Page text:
I have a built-in resistance to movies where a couple of people sit around in the present, discussing a story that took place in the past, and then we get flashbacks showing the earlier story. I usually can’t see what the point is: Why not just tell that story from the past and be done with it? And my blood always curdles a little toward the end of these flashback movies, when . . . hold on . . . can you believe it . . . the person telling the story is actually that young person from all those years ago that (gasp!) the story actually happened to! Sometimes flashbacks work. They work in «Citizen Kane,» for example. Usually they do not. Look at Bette Midler’s «For the Boys,» which creeps with unendurable inevitability to a foregone conclusion.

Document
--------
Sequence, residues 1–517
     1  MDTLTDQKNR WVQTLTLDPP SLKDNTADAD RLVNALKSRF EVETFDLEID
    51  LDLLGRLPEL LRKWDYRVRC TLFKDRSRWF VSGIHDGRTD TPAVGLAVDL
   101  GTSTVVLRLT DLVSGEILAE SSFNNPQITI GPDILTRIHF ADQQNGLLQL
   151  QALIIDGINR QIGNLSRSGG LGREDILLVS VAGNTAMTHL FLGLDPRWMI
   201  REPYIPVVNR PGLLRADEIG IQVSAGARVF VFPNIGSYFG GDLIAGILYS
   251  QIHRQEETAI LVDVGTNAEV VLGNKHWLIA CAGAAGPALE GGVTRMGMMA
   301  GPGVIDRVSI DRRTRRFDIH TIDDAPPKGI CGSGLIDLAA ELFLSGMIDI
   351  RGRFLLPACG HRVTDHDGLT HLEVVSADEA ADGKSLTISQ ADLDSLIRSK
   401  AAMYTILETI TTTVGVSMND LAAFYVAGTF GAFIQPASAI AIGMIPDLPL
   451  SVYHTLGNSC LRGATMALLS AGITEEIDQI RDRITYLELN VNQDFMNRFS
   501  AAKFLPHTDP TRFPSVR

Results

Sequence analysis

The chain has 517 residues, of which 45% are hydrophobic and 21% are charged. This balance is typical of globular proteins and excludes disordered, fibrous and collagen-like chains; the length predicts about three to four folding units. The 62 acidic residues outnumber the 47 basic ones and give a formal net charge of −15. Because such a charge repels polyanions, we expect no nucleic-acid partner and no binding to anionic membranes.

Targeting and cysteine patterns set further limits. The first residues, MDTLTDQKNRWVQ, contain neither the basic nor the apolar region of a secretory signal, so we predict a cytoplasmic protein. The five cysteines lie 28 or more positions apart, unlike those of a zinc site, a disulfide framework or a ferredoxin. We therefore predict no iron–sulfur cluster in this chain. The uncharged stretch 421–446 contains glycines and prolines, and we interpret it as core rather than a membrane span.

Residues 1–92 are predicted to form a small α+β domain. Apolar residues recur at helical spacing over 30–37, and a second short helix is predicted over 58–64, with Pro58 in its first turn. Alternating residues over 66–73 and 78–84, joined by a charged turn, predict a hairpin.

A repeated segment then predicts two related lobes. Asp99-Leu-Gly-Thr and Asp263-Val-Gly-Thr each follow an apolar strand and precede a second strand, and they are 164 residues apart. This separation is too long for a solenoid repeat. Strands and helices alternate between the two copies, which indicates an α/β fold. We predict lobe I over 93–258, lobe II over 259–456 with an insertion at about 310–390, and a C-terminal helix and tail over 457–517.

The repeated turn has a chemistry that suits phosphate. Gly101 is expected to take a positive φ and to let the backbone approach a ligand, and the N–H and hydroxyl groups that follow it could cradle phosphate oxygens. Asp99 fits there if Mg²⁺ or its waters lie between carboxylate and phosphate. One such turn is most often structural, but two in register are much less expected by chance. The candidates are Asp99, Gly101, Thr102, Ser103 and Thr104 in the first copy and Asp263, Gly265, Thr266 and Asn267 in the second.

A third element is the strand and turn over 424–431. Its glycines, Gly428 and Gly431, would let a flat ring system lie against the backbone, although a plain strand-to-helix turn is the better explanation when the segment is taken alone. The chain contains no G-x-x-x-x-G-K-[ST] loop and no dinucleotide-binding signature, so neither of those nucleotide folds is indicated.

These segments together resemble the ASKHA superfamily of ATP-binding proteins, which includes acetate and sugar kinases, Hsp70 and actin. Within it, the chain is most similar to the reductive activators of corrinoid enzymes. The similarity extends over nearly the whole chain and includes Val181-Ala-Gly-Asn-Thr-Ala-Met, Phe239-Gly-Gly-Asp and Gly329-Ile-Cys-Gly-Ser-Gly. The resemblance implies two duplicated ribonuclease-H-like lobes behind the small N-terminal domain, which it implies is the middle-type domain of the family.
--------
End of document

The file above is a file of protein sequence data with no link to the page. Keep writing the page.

One of the reasons Jon Avnet’s «Fried Green Tomatoes» survives the flashback structure is that it devises an interesting character to be the listener to the long-ago tale. She is Evelyn Couch (Kathy Bates), dowdy, unhappily married, dripping with low self-esteem, who during a visit to a nursing home meets a sparkling old lady named Miz Threadgoode (Jessica Tandy).
– Roger Ebert i sin anmeldelse av Stekte grønne tomater.